They will comprise objective questions and problems designed to assess understanding of the basic terms and concepts and short essay questions designed to assess critical thinking, problem solution, and application of the concepts. The second exam will focus on material from the second half of the course but will, perforce, require application of some of the principles from the first half. Survey project. The survey project is a group project, requiring one group paper and, perhaps, a recorded presentation. Details on the project are revived separately. Articulation in the project will be evaluated anonymously by group members, and individual grades may reflect those peer judgments. Class Participation reflects homework, attendance and contributions to class discussions, in-class exercises, and all assignments posted on angel. Pop quizzes are a possibility; if so, they are included in class participation. Attendance is required, on-time and full-time. You are responsible for all homework assignments, regardless of class attendance. The target is for the graded class work and homework to count for 350 points.
The 100 points for class participation will be assigned based on a qualitative assessment of participation in class work. Up to 10 points of extra credit are available for a report from an article or story in current news that involves questionable research. The questionable aspects may be any of the issues from the course, for example, improper or unclear problem statement, improper sample, inappropriate design, wrong or unwarranted conclusions. Numerous examples will be provided in class. “ In the News” reports must be submitted by the 8th week.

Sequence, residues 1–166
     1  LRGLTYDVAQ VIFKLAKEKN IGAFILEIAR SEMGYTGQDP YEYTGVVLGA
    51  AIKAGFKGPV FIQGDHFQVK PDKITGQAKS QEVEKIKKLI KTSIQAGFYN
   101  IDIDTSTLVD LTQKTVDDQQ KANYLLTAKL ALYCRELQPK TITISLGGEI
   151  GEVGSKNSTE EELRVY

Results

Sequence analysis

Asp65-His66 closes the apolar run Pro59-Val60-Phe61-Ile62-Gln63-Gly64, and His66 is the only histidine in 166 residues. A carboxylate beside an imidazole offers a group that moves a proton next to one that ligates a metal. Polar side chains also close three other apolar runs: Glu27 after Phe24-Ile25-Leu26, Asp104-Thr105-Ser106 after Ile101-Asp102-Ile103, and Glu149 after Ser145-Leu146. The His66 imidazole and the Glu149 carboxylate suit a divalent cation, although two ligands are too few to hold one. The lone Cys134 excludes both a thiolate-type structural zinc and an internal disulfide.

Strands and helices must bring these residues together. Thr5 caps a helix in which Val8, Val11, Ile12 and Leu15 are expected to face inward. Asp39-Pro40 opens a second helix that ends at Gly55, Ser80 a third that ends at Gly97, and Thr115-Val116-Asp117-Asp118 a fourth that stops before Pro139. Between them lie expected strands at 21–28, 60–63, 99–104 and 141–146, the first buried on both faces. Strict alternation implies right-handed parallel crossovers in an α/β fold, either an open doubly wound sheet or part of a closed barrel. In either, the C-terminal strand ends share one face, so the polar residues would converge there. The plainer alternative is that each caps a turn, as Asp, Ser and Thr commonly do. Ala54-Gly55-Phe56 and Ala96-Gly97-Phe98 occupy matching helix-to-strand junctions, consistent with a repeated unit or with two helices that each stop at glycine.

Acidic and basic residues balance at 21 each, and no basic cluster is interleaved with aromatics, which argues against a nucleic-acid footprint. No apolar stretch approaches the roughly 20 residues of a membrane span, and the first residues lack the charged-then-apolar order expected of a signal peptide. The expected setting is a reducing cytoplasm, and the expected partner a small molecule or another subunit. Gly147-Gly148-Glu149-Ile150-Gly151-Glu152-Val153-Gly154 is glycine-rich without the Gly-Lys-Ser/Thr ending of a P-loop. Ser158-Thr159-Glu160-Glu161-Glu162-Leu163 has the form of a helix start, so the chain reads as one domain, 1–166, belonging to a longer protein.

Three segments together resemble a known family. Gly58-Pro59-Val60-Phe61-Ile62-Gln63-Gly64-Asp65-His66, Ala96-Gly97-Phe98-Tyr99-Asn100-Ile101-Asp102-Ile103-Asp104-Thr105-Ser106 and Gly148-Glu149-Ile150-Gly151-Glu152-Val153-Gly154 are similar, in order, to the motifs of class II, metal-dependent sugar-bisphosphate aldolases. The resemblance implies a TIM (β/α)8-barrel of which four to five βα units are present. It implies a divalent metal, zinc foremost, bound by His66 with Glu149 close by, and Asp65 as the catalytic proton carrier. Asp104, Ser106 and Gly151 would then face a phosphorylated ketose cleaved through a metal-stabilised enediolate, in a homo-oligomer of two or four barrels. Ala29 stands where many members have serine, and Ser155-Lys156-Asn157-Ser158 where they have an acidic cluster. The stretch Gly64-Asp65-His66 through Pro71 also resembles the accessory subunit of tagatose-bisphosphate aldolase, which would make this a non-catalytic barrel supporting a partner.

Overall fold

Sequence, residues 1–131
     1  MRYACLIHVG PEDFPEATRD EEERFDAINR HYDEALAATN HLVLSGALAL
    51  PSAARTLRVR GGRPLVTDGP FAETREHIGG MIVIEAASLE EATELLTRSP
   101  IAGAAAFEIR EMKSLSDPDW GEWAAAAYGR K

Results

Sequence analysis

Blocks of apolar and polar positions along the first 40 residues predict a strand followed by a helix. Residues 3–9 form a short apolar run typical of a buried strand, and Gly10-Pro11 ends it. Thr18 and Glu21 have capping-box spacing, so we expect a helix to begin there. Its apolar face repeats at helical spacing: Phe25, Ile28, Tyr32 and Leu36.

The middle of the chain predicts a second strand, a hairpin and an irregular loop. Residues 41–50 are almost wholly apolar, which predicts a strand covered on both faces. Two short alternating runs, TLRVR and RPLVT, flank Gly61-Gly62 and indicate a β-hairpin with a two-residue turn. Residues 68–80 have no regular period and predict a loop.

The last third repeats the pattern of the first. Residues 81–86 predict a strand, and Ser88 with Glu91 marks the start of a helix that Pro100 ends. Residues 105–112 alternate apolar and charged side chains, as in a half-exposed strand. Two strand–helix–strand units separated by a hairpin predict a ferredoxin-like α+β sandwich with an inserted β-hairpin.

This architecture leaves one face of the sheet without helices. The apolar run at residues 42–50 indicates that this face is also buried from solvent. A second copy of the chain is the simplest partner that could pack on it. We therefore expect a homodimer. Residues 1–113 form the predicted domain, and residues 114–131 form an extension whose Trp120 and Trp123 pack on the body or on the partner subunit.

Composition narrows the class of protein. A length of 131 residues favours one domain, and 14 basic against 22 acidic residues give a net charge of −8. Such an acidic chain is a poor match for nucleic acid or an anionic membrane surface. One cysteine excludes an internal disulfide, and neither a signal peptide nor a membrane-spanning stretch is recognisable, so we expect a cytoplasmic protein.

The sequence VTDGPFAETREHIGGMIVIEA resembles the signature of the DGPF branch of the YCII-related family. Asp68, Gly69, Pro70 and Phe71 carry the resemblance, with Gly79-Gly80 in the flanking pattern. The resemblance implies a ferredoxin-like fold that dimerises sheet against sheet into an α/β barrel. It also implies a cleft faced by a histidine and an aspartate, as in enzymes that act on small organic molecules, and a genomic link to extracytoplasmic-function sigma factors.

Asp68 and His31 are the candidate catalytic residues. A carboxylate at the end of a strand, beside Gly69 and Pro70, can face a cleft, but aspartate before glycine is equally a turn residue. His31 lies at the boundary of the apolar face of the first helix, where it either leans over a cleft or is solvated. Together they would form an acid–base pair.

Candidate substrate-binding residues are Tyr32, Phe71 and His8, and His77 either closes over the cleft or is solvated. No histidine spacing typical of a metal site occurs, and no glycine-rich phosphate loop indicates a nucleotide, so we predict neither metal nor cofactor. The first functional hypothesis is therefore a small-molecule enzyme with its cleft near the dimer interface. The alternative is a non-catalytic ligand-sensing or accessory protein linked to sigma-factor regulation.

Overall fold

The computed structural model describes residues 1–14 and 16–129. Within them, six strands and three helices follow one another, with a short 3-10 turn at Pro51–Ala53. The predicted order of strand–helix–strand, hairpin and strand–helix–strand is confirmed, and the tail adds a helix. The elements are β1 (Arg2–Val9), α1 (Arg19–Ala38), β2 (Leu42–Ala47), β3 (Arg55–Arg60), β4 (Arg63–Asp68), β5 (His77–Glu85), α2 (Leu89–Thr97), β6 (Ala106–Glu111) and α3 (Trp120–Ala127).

Use the following dude: Citation–title, author, source (journal, newspaper, program, URL, whatever–enough information that one could find the item) Summary–fewer than 1 00 words Identification of the questionable aspect of the research and explanation of why it is questionable. Skill in writing and teamwork (and, in teams, leadership) are two objectives, common to nearly all courses. We will not have time to focus on learning these skills, but students will have opportunities to practice and improve and are expected to meet appropriate standards.